I was VERY happy with this. My proudest achievement was the maple/cayenne topping, which just as I had hoped, got sweet and crunchy during the baking process. The loaf was nice and moist, which I attribute to the zucchini and full cup of wine…a factor that also gave it a nice depth of flavor. I wish this was a bit more solid in terms of holding together, but in terms of flavor, it just couldn’t get any better. I’m extremely proud. TVP, liquid smoke, and wine….it’s just SO GOOD. It almost got me humming a lil’ power ballad from the 80s….note the name.

For desert, I tried out the banana split pudding brownies from VwaV. Since I only had about half as much raw sugar as the recipe called for, I had to replace the rest with brown sugar. I also had half as much flour as needed, and replaced the rest with rice flour which WAS rolling around in my pantry. For the record, I’d vouch for these becoming gluten-free, because they worked great with the rice flour. I considered tapioca flour as well…perhaps another time.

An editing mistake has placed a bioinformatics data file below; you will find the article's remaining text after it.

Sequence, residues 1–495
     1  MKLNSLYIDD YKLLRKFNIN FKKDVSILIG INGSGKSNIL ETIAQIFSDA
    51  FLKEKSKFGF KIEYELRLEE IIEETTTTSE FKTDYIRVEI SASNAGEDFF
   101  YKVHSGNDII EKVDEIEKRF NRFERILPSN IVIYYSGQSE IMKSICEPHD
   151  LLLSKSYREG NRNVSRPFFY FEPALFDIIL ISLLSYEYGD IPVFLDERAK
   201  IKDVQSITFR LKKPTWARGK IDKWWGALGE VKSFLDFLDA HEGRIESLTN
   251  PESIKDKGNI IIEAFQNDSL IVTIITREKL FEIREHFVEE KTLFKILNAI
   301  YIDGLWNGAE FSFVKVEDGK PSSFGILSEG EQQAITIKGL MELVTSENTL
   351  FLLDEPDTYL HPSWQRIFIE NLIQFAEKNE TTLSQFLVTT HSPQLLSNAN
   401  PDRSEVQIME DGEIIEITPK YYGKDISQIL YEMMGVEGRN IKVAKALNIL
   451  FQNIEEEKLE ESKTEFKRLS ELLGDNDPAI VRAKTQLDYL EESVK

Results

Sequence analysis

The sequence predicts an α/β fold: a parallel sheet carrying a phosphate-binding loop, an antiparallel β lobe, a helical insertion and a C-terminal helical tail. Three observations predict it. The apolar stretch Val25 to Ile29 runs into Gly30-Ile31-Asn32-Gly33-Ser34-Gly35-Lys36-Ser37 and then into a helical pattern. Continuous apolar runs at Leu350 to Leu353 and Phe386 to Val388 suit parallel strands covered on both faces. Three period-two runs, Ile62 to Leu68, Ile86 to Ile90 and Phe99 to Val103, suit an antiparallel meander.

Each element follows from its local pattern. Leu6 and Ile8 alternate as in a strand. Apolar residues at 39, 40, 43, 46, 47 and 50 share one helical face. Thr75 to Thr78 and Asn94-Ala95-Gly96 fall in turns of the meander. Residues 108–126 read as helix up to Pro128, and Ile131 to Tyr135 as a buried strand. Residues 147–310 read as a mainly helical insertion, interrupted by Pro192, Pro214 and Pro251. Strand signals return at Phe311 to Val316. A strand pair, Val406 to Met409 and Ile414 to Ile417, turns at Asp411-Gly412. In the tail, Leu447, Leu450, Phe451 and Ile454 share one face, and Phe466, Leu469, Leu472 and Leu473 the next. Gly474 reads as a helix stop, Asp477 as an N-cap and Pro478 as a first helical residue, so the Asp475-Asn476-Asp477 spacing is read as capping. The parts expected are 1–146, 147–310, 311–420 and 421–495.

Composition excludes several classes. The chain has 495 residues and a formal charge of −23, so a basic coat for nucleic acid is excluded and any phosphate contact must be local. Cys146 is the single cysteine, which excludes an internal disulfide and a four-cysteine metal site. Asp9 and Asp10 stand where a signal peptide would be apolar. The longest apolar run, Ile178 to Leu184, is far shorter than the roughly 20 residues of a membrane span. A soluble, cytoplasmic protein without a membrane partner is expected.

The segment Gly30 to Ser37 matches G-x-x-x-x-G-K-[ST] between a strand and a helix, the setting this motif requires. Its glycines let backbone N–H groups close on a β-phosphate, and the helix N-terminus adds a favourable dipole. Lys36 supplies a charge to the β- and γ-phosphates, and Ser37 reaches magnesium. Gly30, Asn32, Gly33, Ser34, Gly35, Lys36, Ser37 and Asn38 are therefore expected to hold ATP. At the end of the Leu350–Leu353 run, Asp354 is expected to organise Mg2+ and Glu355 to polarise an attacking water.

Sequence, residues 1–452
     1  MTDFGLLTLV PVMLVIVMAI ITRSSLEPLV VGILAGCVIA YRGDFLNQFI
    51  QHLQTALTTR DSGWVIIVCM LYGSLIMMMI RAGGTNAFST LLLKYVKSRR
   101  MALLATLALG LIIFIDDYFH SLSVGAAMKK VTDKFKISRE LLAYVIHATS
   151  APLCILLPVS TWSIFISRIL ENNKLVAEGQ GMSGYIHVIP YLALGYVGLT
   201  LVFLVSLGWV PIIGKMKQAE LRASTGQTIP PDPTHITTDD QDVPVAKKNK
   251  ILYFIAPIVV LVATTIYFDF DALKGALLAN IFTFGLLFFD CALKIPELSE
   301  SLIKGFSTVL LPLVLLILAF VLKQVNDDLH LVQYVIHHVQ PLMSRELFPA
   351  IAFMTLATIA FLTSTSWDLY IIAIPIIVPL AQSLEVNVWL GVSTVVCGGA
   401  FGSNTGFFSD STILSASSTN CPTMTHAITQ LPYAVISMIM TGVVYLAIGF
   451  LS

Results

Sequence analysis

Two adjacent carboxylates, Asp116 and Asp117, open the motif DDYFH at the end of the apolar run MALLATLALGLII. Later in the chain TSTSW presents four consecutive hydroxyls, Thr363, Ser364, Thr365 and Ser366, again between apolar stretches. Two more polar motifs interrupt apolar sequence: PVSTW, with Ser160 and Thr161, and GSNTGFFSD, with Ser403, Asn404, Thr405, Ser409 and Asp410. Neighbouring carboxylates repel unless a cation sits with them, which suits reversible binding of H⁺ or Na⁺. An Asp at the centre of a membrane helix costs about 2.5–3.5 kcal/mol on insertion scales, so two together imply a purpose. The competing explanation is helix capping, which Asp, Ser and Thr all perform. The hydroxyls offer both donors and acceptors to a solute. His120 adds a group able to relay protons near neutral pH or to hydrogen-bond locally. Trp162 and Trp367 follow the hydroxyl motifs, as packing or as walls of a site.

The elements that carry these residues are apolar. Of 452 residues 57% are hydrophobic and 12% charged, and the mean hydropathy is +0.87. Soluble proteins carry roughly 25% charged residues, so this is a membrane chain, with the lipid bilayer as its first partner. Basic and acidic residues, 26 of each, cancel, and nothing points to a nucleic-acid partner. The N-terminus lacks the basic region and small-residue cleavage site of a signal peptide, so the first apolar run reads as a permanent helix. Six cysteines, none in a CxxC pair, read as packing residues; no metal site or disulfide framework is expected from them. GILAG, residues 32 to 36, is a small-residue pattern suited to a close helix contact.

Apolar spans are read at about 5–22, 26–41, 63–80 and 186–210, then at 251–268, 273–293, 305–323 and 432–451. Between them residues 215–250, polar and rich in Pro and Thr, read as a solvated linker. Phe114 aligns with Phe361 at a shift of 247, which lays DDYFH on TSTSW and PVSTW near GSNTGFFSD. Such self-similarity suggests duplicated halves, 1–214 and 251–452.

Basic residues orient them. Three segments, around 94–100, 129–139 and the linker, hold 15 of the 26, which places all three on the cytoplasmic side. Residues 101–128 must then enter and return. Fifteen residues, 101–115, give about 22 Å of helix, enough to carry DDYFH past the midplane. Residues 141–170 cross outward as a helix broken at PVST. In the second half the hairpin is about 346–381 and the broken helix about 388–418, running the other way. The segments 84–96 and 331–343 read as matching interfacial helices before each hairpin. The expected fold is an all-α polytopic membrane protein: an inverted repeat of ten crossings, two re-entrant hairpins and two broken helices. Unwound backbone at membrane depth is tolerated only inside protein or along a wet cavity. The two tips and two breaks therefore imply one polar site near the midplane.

This is a SERIOUS brownie. The banana topping that sinks into it, is ooey-gooey, fruity, and sweet. The brownie part is seriously rich, and frankly I can’t even imagine topping this with sliced banana, although some soy vanilla ice cream would’ve been key. Mmmmm brownies. If you haven’t tried these yet, what on earth are you waiting for? Apparently alterations don’t hurt them much.


Thursday, March 12, 2009

Un-Crabcakes and Southwestern Corn Pudding

This was a Southern themed dinner, albeit from different sides of the south.

Representing the Bayou, we have Vegan Dad's Crispy Cajun Crabcakes
Mine looked nothing like his, but they tasted pretty darn good...I suppose I just don't have his skill as far as beautiful food goes.